Federal judge tells climate litigants to tally the numerous blessings from fossil fuels since 1859
By Paul Driessen and Roger Bezdek
Judge William Alsup has a BS in engineering, has written computer programs for his ham radio hobby, delves deeply into the technical aspects of numerous cases before him, and even studied other programming languages for a complex Oracle v. Google lawsuit. Continue reading
On Tuesday, May 29, 2018, the Hillsboro School District (OR) was issued a restraining order because of its unfair suppression of free speech on the part of Addison Barnes, a senior at Liberty High School. U.S. District Judge Michael W. Mosman heard testimony regarding the issue of Barnes being banned from wearing his “Border Wall Construction Co.” t-shirt while at school (Case 0:18-cv-00877).
The school administration has allowed the display of the poster “Sanctuary City, Welcome Home”, as well as allowing students to walk out in protest regarding various political issues. However, Barnes’ particular viewpoint, as expressed on his t-shirt, was silenced and he was punished by being suspended. Continue reading
Oregon employers began receiving notices this week regarding the new statewide transit tax that goes into effect on July 1. The law requires all employers to withhold, report, and remit one-tenth of one percent of wages paid to their employees to the Oregon Department of Revenue. The money will go into a Statewide Transportation Improvement Fund to subsidize public transit agencies.
The new tax is being imposed at exactly the wrong time in history. Transit ridership is declining across the country, and it’s not because transit agencies lack money. The problem is that their service models are obsolete. Continue reading
As the lead singer for the punk rock band “Dead Kennedys” once put it, “if we really want to get serious about helping all the people living in the street…, we could just hire half the people in the country to spy on the other half.” Today’s FBI seems to have taken that counsel very much to heart, at least in so far as its relationship to the Trump presidency is concerned. But have our national spooks really been spying on this president since the earliest days of his campaign? Or were they merely sending agents to “inform” on Trump and his associates?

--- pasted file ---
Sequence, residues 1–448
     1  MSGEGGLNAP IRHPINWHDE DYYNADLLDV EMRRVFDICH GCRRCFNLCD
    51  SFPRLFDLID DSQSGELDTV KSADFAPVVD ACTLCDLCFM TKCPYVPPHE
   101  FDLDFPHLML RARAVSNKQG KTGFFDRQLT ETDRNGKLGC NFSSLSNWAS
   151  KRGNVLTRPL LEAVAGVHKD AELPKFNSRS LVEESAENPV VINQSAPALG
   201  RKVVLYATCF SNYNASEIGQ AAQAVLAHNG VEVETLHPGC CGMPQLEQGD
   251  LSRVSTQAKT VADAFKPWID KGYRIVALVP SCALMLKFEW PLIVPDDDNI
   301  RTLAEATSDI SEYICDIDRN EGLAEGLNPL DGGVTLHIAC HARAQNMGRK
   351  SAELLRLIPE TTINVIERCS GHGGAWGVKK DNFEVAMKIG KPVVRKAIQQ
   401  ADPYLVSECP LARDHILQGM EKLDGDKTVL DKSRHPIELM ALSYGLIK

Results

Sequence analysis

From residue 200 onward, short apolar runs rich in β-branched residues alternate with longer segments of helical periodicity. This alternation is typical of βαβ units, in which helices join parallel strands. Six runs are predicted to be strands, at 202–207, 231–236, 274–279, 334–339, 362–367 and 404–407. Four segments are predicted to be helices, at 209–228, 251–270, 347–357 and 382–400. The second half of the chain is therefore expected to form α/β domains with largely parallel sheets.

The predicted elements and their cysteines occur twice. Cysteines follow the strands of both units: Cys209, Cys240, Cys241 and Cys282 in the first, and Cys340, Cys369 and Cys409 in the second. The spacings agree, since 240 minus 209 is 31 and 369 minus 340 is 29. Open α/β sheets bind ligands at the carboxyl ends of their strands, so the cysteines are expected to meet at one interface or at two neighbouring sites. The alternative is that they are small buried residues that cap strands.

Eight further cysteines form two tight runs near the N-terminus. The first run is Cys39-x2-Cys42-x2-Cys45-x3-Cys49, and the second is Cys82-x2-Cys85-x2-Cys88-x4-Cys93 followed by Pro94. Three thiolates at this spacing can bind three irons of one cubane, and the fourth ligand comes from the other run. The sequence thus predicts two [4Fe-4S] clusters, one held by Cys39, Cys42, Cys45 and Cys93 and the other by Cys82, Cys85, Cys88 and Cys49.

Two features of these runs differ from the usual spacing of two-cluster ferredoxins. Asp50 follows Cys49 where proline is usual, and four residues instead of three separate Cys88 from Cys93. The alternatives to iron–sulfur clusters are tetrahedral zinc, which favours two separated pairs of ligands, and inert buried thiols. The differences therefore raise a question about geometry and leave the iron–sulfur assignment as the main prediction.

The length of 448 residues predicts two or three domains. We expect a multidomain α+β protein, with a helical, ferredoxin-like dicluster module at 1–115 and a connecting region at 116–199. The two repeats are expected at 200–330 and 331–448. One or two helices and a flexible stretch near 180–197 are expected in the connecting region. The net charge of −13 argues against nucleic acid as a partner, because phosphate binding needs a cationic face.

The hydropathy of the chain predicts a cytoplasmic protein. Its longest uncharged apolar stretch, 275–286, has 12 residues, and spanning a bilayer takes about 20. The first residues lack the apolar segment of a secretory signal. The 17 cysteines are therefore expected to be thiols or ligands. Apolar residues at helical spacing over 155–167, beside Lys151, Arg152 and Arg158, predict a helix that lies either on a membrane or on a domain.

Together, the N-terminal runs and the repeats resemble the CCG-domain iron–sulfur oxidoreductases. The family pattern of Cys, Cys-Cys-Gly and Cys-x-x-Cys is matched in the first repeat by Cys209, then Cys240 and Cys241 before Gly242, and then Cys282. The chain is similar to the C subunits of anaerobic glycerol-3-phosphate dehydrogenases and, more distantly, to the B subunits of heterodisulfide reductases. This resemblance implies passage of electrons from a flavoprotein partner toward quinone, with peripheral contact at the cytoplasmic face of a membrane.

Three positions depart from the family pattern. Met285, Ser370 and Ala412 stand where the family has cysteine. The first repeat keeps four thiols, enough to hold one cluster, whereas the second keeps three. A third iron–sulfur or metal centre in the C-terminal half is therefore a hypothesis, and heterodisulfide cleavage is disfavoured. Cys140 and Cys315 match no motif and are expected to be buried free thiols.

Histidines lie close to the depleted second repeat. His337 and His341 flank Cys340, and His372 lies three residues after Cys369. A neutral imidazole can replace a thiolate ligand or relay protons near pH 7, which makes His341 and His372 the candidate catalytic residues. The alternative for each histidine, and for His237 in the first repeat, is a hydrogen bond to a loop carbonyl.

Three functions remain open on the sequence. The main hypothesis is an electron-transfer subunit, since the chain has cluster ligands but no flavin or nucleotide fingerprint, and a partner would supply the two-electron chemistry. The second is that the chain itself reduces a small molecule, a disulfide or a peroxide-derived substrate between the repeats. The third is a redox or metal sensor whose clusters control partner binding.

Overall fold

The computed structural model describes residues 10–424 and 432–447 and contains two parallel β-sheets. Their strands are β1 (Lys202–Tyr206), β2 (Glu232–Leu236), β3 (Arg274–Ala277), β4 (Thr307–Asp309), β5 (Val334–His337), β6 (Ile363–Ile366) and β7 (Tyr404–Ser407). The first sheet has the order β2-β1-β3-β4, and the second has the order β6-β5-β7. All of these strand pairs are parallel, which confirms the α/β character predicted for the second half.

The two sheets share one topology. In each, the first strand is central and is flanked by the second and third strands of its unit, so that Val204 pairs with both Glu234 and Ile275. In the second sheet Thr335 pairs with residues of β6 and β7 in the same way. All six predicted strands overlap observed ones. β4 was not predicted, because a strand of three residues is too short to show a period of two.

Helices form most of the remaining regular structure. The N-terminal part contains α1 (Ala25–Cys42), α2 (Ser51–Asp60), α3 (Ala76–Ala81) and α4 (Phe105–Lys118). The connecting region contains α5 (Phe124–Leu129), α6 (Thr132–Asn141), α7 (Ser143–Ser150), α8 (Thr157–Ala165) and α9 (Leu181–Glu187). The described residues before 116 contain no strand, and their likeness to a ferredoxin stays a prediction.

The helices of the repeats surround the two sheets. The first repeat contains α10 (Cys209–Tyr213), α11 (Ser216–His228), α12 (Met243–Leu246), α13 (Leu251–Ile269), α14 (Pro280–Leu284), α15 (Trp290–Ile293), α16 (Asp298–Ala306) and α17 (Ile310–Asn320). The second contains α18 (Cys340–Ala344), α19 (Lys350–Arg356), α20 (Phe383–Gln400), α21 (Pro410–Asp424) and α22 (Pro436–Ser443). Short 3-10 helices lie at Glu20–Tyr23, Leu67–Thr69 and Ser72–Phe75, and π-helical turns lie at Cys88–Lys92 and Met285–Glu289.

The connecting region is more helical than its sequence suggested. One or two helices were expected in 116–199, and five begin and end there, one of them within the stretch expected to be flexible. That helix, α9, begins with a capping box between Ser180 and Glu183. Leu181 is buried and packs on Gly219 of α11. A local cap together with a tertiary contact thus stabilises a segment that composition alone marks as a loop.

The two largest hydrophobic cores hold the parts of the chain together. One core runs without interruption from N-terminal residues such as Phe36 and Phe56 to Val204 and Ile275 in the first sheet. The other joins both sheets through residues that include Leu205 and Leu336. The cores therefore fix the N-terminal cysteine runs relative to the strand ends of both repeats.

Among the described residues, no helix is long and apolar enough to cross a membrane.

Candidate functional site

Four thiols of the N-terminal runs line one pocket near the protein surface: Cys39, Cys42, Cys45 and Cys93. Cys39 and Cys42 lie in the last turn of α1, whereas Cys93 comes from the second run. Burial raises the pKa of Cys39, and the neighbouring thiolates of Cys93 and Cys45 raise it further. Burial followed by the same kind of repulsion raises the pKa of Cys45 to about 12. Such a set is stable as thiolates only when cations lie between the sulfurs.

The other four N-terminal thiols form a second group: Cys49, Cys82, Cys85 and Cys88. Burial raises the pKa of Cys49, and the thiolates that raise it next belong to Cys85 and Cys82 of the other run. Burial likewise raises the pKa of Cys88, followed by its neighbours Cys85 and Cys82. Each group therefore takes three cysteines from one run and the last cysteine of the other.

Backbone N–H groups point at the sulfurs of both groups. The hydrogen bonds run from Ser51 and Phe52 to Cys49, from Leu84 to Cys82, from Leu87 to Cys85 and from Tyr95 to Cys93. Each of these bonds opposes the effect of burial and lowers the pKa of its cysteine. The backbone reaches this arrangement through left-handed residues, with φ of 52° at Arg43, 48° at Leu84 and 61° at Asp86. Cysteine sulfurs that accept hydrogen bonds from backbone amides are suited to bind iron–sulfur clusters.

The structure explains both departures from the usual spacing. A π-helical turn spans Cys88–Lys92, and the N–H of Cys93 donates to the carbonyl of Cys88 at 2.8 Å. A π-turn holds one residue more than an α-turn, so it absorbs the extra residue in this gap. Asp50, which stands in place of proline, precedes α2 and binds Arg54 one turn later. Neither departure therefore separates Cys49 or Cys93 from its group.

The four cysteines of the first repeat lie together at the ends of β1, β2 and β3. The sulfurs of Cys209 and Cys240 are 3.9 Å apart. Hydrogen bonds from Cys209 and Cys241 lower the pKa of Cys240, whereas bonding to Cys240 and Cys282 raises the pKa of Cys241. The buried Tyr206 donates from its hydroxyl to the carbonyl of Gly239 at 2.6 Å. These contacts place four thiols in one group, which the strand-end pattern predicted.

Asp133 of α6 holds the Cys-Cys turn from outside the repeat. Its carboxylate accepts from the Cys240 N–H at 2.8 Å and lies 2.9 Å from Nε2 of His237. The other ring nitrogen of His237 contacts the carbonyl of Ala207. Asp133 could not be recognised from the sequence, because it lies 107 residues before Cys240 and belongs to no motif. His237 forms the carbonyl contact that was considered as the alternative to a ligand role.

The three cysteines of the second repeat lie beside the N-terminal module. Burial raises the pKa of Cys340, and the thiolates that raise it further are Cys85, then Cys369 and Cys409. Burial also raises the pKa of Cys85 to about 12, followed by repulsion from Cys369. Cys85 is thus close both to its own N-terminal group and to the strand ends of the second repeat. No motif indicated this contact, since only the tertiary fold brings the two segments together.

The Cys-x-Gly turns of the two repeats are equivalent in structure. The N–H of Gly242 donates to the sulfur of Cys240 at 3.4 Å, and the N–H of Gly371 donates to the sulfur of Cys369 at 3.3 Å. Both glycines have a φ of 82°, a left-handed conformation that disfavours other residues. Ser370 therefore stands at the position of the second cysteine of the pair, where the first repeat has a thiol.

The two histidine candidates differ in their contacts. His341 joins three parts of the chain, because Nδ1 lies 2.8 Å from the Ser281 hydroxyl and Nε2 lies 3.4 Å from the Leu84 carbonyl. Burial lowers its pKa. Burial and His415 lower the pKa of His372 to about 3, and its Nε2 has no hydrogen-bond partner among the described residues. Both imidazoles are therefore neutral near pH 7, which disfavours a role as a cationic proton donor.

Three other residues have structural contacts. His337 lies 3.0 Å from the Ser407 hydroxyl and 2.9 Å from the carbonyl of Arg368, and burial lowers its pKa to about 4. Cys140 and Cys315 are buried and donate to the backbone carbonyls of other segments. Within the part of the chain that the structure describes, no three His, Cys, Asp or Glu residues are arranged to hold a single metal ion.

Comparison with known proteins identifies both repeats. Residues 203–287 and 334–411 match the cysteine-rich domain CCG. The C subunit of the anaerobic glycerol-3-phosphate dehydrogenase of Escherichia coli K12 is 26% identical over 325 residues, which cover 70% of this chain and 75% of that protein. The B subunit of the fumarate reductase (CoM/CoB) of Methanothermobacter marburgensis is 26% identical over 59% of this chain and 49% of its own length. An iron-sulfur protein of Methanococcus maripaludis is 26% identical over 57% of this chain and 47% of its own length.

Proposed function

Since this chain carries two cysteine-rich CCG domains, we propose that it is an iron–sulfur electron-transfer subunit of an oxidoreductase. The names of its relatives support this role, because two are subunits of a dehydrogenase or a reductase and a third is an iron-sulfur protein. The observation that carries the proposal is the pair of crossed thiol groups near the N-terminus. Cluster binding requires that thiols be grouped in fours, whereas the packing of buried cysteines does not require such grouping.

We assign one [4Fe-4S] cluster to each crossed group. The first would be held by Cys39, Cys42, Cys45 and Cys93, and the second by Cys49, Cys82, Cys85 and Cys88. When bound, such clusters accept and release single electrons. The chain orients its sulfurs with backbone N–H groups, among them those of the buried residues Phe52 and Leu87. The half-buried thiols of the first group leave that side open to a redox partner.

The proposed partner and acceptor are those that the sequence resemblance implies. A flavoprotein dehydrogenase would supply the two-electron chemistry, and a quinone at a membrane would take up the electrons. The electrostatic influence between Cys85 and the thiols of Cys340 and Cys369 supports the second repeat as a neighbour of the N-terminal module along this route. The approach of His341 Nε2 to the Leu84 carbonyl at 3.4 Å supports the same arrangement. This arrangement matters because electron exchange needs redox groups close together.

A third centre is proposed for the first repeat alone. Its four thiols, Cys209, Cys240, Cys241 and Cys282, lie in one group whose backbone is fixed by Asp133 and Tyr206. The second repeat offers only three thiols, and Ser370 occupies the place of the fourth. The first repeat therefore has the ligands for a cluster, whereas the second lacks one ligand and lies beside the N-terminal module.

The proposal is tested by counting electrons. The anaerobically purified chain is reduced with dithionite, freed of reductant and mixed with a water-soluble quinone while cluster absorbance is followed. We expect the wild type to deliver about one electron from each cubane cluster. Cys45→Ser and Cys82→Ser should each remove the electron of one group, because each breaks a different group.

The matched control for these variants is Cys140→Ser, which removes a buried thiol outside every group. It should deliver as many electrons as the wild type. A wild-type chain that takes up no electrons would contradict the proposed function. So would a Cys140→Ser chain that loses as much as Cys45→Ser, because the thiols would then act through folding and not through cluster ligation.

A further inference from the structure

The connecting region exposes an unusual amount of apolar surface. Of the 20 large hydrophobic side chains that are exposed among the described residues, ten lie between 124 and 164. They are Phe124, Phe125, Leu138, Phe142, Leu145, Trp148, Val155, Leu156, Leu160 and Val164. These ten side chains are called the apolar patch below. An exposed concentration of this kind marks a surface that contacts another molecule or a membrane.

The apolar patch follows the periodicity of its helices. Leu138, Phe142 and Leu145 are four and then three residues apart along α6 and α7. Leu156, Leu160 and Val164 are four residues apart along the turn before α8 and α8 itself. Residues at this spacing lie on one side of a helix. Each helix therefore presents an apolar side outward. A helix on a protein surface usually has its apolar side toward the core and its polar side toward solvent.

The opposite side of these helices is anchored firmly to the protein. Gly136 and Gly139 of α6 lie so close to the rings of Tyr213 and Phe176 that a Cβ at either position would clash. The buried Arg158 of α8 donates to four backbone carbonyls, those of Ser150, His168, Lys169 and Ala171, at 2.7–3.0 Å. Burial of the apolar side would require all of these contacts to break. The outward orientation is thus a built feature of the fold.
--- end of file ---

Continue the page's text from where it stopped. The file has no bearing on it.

According to the New York Times Adam Goldman et. al. (May 18, 2018), there is a crucial distinction to be made over this point. According to Goldman, “President Trump accused the FBI…without evidence, of sending a spy to secretly infiltrate his 2016 campaign ‘for political purposes’.” But in reality, the article assures us, FBI agents “merely sent an informant to talk to two campaign advisers….” Which reminds me of that time we sent airplanes to deliver those two packages to Japan. (But let’s not quibble about semantics!) Continue reading
His security, DC bedroom and policies are legitimate and defensible, under any fair standard
EPA Administrator Scott Pruitt has been hounded lately by allegations of rich spending and poor judgment. While he could have detonated himself during recent congressional-oversight hearings, the former Oklahoma prosecutor seems to have survived those tests. Nonetheless, EPA’s inspector general, the Government Accountability Office, and various congressional panels continue to probe Pruitt’s official conduct. While Pruitt has plenty for which to answer, on at least three key counts, he seems to be cleaner than his critics claim. Continue reading